Friday, May 30, 2003

The "Highway Twins" squabble over HB 3588

Could trauma, mobility funding be derailed in transportation dispute?

by David Guenthner


Volume 7, Issue 37
The Lone Star Report
Copyright 2003

A major firefight over transportation has erupted across the rotunda over the last two weeks. Funding for trauma centers and mobility projects, as well as for the tools necessary to promote the development of private toll roads and multi-modal corridors, could wind up among the casualties.

On one side is House Transportation Chairman Mike Krusee (R-Austin), whose HB 3588 envisioned new models for moving people and goods across the state and for financing transportation infrastructure.

On the other is Senate Infrastructure Development and Security Chairman Steve Ogden (R-Bryan), who wants to keep the focus on roads, and to pay for that new asphalt by borrowing money.

The stakes could exceed those apparent in a transportation battle.

In the last redistricting cycle, the biggest county in Ogden’s district changed from Brazos (his home) to Williamson (Krusee’s home). The two counties also share the new CD 32, in which a Williamson-based candidate ( John Carter ) trounced a much better funded, Brazos-based candidate ( Peter Wareing ) last spring. And the changes Ogden made strip many of the tools the Central Texas Regional Mobility Authority (CTRMA) – in which Williamson County is a major player – had counted on to develop new roads for its burgeoning population.

When Ogden saw Krusee’s bill after it came over from the House two weeks ago, he immediately began to carve out several of the more significant (and in his view, more objectionable) elements of the plan. When Krusee saw Ogden’s substitute, he thought it so obnoxious he vowed to kill what was left of his plan and let the governor decide whether to add transportation to a special session call.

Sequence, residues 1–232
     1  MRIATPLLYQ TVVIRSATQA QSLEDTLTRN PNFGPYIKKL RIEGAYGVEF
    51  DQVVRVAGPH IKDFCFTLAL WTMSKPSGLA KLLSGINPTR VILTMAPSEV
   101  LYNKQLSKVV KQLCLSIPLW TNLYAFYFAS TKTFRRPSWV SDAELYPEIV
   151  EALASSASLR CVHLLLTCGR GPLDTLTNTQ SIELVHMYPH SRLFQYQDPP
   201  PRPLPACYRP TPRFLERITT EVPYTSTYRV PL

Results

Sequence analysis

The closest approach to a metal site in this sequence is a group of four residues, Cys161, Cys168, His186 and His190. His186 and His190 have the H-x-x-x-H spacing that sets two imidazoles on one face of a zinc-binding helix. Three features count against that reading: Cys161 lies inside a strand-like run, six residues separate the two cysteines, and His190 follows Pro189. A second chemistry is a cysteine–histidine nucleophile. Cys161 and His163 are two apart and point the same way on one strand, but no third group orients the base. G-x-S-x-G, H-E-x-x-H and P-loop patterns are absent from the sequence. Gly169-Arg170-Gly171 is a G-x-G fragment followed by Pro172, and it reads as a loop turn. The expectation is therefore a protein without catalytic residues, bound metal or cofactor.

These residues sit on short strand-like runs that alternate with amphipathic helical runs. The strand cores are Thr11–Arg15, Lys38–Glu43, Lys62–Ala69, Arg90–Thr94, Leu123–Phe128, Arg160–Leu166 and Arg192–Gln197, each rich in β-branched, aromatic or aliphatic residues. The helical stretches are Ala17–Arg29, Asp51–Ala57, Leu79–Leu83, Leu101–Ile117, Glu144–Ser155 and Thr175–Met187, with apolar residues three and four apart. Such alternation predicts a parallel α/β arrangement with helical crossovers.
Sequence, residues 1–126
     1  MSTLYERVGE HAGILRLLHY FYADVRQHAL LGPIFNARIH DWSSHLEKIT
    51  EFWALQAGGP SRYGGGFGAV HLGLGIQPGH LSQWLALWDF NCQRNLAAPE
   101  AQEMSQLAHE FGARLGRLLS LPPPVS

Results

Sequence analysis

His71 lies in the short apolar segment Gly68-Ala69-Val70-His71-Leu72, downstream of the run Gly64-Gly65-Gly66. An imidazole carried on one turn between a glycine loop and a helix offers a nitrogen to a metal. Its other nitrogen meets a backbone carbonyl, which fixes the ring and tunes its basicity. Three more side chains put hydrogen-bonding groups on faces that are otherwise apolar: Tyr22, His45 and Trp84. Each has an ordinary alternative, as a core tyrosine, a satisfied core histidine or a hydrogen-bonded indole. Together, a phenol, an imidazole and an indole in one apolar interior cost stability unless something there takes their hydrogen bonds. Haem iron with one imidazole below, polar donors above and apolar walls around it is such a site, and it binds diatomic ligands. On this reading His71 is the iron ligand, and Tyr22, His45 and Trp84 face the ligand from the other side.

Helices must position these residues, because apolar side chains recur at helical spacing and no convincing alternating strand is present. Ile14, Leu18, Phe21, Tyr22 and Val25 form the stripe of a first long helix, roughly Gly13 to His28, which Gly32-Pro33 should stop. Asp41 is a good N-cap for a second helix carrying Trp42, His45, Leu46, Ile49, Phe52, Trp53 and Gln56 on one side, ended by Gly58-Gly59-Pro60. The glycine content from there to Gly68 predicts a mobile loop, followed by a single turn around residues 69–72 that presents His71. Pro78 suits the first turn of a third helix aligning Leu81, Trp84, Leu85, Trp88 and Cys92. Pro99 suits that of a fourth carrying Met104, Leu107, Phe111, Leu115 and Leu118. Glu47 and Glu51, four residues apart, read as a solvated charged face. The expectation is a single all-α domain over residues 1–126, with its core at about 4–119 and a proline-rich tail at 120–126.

As the dispute escalated, the process became more unusual. When the bill arrived in the Senate, Ogden referred three sections to Sen. Jeff Wentworth ’s (R-San Antonio) “special select subcommittee.” The Wentworth subcommittee never kicked those sections back out; rather, it drafted a committee amendment to reincorporate them.

That amendment, and several dozen others, were considered at a May 26 committee work session where Ogden announced which changes he was going to accept and roll into another massive committee amendment.

The following morning, Krusee convened his committee for its own work session, which turned into a teach-in on the damages he believed would be wrought by Ogden’s changes.

When the bill got to the Senate floor, Ogden moved the bill to third reading with dozens of amendments still pending. But he agreed to suspend the rules so that those amendments could be heard on third reading and approved by a majority rather than a supermajority vote.

The differences between the two chairmen mainly involve three areas: regional mobility authorities (RMAs), rail, and funding.

The sharpest differences involve RMAs. With the Texas Department of Transportation’s highway resources going more toward maintenance than expansion, the Krusee concept is to empower regions to organize and to grant them the tools – financial and otherwise – to develop their own transportation infrastructure. Ogden recoiled when he saw the scope of projects these RMAs could develop and the powers they would have. He went to great lengths to ensure that these entities would never become mini-TxDOTs.

In his substitute, he took away their authority to utilize exclusive development agreements and design-build contracts – both of which allow a company or consortium to manage multiple phases of a project.